The Case for Data Purging in JD Edwards

August 21, 2012

Authored by Michael Guerin, TeamCain

All too often we see and talk with customers who have not done a data purge in 7, 10, even 14 years (what’s your number?). I’d like to explore here the “whys” we hear the most, and what you should consider if they apply to you.

By the way, you are not alone – our surveys show that the main reasons why organizations don’t purge their JDE data are:

  • The project never gets approvedcompeting priorities, and a data purge typically ends up being a B or C item.   With ever expanding wish lists of projects, getting a purge and archive project past the gatekeepers can be difficult. 
  • JD Edwards is a big, interrelated system - you hold off because you don’t know what you will get (will the accountants or operations staff be outside your office with pitchforks because you ended up blowing away stuff they needed).
  • You don’t feel there is a needperformance is not suffering, the users are not griping. 
  • The users really, really need all of that datathey never know when they will need to grab a sales order from 2003 or do a year to year comparison between three and four years ago. 

What have your peers said?

Anecdotally, what we have seen from our conversations and surveys is: 

  • More than 80% of customers have more than 5 years of data in their files, and nearly half have 10 or more years (the largest we have seen is 23 years).
  • Half of the customers have been held back by concerns about whether their data would safely survive a purge (or would it look like a train wreck).  One CIO specifically stated that this concern was what kept him up at night … not fun.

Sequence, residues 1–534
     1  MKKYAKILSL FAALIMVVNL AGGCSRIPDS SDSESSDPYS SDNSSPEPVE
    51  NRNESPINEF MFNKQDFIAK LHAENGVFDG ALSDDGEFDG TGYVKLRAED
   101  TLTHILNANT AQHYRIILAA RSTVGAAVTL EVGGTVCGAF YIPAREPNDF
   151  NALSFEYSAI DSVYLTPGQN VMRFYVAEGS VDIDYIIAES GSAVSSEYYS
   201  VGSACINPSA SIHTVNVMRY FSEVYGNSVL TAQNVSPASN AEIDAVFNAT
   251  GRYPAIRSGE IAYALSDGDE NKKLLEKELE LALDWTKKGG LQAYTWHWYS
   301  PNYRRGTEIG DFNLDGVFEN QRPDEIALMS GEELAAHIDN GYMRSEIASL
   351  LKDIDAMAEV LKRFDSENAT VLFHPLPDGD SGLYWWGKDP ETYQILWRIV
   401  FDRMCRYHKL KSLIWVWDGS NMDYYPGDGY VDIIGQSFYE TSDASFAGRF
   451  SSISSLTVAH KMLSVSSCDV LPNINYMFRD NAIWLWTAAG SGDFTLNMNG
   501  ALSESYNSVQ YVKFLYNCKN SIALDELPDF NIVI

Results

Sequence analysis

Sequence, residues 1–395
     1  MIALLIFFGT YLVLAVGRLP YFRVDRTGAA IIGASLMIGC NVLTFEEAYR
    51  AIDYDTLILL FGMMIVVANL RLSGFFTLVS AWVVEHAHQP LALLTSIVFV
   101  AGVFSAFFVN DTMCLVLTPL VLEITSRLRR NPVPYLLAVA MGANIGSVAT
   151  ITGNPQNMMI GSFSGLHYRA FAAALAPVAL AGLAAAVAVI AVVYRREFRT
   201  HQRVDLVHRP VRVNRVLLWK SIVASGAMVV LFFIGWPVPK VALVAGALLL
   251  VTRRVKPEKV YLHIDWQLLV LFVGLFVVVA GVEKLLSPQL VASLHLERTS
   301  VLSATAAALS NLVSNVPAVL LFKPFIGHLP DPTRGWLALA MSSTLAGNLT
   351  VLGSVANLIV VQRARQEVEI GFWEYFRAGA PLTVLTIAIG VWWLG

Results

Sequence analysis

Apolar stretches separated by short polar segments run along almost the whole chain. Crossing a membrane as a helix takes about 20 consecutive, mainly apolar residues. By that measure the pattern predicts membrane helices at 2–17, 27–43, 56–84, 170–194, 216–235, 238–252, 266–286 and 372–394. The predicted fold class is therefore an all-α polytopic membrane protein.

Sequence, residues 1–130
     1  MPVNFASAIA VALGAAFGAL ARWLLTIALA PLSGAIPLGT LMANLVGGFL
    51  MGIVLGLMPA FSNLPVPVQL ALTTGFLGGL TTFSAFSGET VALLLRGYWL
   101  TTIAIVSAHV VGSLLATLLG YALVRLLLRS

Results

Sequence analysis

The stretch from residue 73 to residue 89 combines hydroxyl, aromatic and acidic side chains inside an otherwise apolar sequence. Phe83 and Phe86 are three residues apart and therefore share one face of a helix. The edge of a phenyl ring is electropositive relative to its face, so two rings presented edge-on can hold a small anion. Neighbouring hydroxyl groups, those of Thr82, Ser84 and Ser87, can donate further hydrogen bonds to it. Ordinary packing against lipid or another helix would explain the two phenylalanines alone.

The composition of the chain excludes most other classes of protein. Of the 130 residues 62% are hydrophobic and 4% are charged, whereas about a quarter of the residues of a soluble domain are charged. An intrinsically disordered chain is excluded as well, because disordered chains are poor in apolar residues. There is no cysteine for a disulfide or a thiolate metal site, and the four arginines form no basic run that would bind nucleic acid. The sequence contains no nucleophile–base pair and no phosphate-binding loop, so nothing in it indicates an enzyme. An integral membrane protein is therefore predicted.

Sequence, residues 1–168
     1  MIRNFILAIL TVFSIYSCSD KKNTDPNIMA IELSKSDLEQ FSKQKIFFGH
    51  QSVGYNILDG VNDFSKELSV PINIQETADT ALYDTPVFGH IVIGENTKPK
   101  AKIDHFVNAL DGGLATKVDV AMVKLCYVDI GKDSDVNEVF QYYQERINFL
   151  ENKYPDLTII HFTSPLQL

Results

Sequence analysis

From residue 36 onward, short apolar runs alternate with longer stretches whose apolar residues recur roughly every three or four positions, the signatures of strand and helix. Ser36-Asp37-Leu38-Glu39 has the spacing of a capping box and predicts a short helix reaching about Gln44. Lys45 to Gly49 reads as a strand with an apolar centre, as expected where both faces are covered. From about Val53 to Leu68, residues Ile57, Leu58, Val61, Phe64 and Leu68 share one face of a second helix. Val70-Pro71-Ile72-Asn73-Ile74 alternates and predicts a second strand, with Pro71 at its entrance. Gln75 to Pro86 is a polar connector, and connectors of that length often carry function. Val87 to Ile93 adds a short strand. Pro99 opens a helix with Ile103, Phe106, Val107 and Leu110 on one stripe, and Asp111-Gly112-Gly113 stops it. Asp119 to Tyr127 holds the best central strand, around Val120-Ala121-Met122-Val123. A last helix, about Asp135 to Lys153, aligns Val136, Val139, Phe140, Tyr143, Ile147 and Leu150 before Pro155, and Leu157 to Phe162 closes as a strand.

• Half of the customers who have done purges used the standard JDE tools (like P00Purge); most did so for “spot” purges and were nervous about the implications (or did not realize them).  

Why should I purge anyway?

Lots of reasons!  Let’s look at them in terms of the reasons why purges don’t get done …

You don’t know what you will get (fear of the unknown)

Fearing the unknown is not a bad thing – that little voice at the back of your mind is normally what keeps you out of trouble (scientifically it is proven that this part of the brain is not fully developed in teenagers, which explains a lot doesn’t it!)  The fear is usually based on the fundamental intercorrectedness of JD Edwards.  What if I miss a table that needs to be purged?  What about the custom files we have?  How do I figure out which ones to purge? 

Unfortunately, this kind of fear will not go away, and in the meantime your data is growing.  What you need is a proven tool that removes the fear – based on how it is built, based on what other customers have been able to accomplish.  So… simply put… get over it!  There is really no validity to this fear these days.

Performance is not suffering and we have lots of disk space

This is an interesting one.  Performance is a relative thing.  Disk is cheap – right?  There is a fallacy in these types of statements though.  If your performance is not “suffering” … how do you define suffering?  It is hard to picture an F0911 file with 400 million records as one that will not be longer and harder to chew through.  The thing of it is this … JD Edwards is a transactional system, and batch process driven.  Most processes (reports, on line entries, inquiries) will be impacted by file size – it is really a given. 

Even if you “only” end up with a 5% improvement in productivity – how many other things could you do today that would give that?  In this day and age, everyone needs to do more with less ... what a perfect way to accomplish this.  Most often as well, the ones that really are impacted are the hard core users and the processes at critical times – like month end processes or nightly updates.

Don’t forget about backups either.  The more you have, the longer the backups take.  This is a perfect example of the benefits too by the way – if you have ten years of data, and can purge 3 and archive 5 – your data backup for your production files will go down by 70 – 80%.  Nice savings there …

And yes disk is cheap – but really … is throwing more disk the answer?  Add in the performance implications and it really does end up being a false security.